Imagine breezing through the airport during peak holiday travel time using your face, fingerprint or iris to readily board your plane within 10 minutes of arrival. A self-parking service awaits as you pull up to a device that scans your iris or fingerprint, directing you to the closest open parking space. Your pre-tagged bag is automatically whisked onto the plane enabled by biometric verification. Your iris is also scanned at the security checkpoint to verify you are low-risk, known traveler. You’ve never had so much time before your flight.
The U.S. was one of the first to pioneer biometrics – specifically fingerprinting – in airports for all foreign nationals entering the U.S for immigration and national security purposes. Biometrics are now being implemented for traveler convenience in a few airports worldwide to speed travelers through airports and immigration control. London’s Heathrow airport just announced the trial of facial biometrics for self-boarding. These programs are enabling impressive efficiency, while maintaining and even enhancing security. The U.S. Customs and Border Protection’s Global Entry System (GES), for example, is an automated immigration clearance system for low-risk travelers using biometrics. Travelers using GES have a predictable, faster immigration clearance experience by avoiding the typical lengthy processing.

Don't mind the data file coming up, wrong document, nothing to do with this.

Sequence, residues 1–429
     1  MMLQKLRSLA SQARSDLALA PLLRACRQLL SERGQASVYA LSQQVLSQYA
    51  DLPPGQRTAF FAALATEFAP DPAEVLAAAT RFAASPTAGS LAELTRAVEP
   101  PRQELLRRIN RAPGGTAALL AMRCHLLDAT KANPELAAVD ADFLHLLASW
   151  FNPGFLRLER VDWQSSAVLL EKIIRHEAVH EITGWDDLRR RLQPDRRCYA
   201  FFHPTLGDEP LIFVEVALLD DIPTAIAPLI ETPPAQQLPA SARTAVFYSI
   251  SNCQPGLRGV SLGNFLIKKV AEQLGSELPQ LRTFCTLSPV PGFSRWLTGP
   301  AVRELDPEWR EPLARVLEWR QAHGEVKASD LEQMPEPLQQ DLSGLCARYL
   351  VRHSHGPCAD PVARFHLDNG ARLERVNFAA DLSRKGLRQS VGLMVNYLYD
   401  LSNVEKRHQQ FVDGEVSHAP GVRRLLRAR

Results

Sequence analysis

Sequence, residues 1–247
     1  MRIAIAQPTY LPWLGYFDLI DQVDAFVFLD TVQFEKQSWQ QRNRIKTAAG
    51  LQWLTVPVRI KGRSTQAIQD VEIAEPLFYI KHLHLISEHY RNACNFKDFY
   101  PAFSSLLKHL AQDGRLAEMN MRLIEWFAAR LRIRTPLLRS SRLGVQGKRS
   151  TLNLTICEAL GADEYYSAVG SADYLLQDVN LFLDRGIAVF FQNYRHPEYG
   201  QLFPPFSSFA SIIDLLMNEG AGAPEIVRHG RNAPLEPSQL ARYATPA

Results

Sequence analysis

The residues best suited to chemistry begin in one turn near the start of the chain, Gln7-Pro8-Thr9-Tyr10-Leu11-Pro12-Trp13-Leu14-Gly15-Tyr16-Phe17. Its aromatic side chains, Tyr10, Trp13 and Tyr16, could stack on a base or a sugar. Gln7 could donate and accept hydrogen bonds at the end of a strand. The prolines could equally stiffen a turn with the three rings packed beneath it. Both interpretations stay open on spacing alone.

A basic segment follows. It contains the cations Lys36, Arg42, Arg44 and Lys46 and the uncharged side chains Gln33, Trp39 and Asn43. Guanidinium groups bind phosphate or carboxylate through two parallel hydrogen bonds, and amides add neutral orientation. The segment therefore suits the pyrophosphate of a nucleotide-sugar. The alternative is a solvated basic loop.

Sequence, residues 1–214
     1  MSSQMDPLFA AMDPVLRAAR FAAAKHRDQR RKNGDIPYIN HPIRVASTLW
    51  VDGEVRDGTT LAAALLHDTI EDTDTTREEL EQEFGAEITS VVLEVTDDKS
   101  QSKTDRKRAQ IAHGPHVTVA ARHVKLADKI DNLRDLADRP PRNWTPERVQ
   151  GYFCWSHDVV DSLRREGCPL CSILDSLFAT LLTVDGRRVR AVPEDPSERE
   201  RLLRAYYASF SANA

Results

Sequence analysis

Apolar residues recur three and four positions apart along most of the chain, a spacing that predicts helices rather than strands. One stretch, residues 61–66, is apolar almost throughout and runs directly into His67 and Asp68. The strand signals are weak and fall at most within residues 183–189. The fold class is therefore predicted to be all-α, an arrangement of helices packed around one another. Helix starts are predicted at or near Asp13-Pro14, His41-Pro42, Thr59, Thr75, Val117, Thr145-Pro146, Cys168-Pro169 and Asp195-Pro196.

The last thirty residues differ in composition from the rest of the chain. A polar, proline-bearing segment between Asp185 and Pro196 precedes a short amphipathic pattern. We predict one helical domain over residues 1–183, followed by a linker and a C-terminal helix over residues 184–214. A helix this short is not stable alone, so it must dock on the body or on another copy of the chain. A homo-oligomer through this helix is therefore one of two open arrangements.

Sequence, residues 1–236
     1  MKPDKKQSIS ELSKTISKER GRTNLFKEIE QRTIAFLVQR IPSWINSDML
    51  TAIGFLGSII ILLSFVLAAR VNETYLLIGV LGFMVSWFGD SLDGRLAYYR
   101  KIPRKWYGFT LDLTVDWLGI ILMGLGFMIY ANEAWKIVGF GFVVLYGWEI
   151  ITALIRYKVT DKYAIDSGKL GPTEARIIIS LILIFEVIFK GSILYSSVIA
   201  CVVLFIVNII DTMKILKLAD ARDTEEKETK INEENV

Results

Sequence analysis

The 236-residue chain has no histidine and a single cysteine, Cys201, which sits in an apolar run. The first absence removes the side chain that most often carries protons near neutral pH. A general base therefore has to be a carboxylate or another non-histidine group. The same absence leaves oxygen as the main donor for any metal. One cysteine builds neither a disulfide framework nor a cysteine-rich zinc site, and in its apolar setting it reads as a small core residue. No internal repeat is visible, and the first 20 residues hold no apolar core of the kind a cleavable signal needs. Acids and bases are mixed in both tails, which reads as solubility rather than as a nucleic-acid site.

By fast tracking travelers through self-service processes with biometric identification, airports would create the “airport of the future” with greater convenience and time savings. For the airport industry that competes heavily for airline business, biometrics offers real opportunities to market a particular airport as far simpler and convenient to use. Another plus is that travelers could use their new free time to shop and dine, benefiting airport retailers and restaurants.
In addition to convenience, biometrics allows security personnel to focus more on real threats versus the low-risk, everyday traveler. While some may argue biometrics is an invasion of privacy, biometrics would be an optional program for travelers.
Despite the privacy issues, airport predictability and ease of travel are immeasurable to the frequent traveler, who wants a predictable experience from the time they arrive at the airport until they board their flight. Could this new technology help return us to the days of more enjoyable travel?